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Details of Grant 

EPSRC Reference: EP/W001411/1
Title: COvid-19 Transmission Risk Assessment Case Studies - education Establishments
Principal Investigator: Linden, Professor PF
Other Investigators:
Burridge, Dr H C Pain, Professor CC Kumar, Professor P
Researcher Co-Investigators:
Project Partners:
Arup Group Ltd Bar Hill Community Primary School Chestnut Lane School
Cundall Johnston & Partners LLP (UK) Elangeni School Gilberts (Blackpool) Ltd
Guildford Borough Council Hoare LEA Monodraught Ltd
St Thomas of Canterbury Primary School Volution Ventilation UK Limited
Department: Applied Maths and Theoretical Physics
Organisation: University of Cambridge
Scheme: Standard Research
Starts: 01 February 2021 Ends: 31 July 2024 Value (£): 2,314,900
EPSRC Research Topic Classifications:
EPSRC Industrial Sector Classifications:
Healthcare
Related Grants:
Panel History:  
Summary on Grant Application Form
Schools are planning to re-open in September and with the recent increased awareness of airborne transmission of Covid-19, there is an urgent need to monitor the situation and to provide guidance on ventilation best practice. This is emphasised by the expected onset of cooler weather when there will be a conflict between maintaining high fresh air ventilation flows and energy consumption and occupant comfort.

We will quantify the risk of airborne COVID-19 transmission in schools and evaluate the effectiveness of mitigation measures, by developing techniques to assess the absolute risk of infection in a given indoor space, using field studies in primary and secondary schools, complemented by laboratory experiments and CFD to elucidate the flow patterns responsible for airborne transport. The understanding generated will underpin recent developments in infection modelling to predict the likelihood of airborne transmission within schools. The project will reduce the uncertainties associated with airborne transmission routes and provide evidence to evaluate mitigation measures. The scenarios we will investigate include changes to ventilation, use of screens, classroom lay-out and occupancy profiles. The methodology will facilitate application to offices, restaurants, shops etc.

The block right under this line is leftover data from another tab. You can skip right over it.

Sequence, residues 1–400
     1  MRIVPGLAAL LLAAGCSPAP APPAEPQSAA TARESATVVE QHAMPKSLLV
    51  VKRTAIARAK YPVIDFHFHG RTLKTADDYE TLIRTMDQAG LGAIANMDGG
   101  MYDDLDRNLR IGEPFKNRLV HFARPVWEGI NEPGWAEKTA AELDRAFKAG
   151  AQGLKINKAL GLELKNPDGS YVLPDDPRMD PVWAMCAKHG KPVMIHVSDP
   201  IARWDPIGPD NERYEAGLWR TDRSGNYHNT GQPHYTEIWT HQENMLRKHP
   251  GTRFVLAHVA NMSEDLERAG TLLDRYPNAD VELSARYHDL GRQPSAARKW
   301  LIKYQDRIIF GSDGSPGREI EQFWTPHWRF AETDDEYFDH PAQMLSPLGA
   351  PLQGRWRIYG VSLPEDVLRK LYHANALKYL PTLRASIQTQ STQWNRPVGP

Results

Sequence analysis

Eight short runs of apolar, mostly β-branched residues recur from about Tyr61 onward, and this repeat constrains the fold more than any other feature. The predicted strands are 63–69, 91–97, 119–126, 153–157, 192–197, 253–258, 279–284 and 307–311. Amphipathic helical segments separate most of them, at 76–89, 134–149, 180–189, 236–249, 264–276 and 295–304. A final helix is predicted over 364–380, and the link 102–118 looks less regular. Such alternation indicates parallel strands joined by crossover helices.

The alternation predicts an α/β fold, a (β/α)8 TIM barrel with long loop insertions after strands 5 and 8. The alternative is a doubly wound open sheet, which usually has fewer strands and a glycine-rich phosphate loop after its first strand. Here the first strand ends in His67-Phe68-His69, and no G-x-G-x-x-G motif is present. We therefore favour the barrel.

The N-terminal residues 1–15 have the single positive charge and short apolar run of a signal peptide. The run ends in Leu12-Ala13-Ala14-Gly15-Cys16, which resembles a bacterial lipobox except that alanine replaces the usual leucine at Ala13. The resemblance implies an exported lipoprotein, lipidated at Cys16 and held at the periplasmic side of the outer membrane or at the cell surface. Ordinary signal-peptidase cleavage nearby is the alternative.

Airborne infection occurs through re-breathed air, the concentration of which can be directly inferred from measurements of CO2. Indoor flow is strongly affected by the locations of windows or vents, the heat rising from occupants/equipment and disturbances caused by people movement. Thus, accurate representations of these processes in the laboratory and CFD are needed to interpret the monitoring data currently collected in schools, which are typically single point measurements.

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Organisation Website: http://www.cam.ac.uk